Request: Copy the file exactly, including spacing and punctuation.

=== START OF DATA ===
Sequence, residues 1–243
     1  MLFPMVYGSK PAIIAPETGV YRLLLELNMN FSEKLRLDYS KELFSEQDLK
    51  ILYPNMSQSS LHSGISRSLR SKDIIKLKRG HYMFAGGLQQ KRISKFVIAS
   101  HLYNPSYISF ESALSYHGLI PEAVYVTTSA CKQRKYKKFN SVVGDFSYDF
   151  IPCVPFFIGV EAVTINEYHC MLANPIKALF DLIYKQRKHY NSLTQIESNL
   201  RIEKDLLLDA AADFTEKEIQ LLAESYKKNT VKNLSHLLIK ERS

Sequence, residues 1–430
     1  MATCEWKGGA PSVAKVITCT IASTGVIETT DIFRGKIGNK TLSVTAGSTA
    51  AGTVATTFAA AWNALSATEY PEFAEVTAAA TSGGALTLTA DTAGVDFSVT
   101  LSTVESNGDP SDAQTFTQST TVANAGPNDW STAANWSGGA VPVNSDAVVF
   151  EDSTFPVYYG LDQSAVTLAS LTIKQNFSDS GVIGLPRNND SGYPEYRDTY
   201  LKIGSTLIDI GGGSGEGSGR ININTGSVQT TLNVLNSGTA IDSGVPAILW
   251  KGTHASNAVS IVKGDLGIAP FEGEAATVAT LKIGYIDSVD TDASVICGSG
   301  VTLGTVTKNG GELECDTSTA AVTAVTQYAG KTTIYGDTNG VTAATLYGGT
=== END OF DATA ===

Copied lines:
Sequence, residues 1–243
     1  MLFPMVYGSK PAIIAPETGV YRLLLELNMN FSEKLRLDYS KELFSEQDLK
    51  ILYPNMSQSS LHSGISRSLR SKDIIKLKRG HYMFAGGLQQ KRISKFVIAS
   101  HLYNPSYISF ESALSYHGLI PEAVYVTTSA CKQRKYKKFN SVVGDFSYDF
   151  IPCVPFFIGV EAVTINEYHC MLANPIKALF DLIYKQRKHY NSLTQIESNL
   201  RIEKDLLLDA AADFTEKEIQ LLAESYKKNT VKNLSHLLIK ERS

Sequence, residues 1–430
     1  MATCEWKGGA PSVAKVITCT IASTGVIETT DIFRGKIGNK TLSVTAGSTA
    51  AGTVATTFAA AWNALSATEY PEFAEVTAAA TSGGALTLTA DTAGVDFSVT
   101  LSTVESNGDP SDAQTFTQST TVANAGPNDW STAANWSGGA VPVNSDAVVF
   151  EDSTFPVYYG LDQSAVTLAS LTIKQNFSDS GVIGLPRNND SGYPEYRDTY
   201  LKIGSTLIDI GGGSGEGSGR ININTGSVQT TLNVLNSGTA IDSGVPAILW
   251  KGTHASNAVS IVKGDLGIAP FEGEAATVAT LKIGYIDSVD TDASVICGSG
   301  VTLGTVTKNG GELECDTSTA AVTAVTQYAG KTTIYGDTNG VTAATLYGGT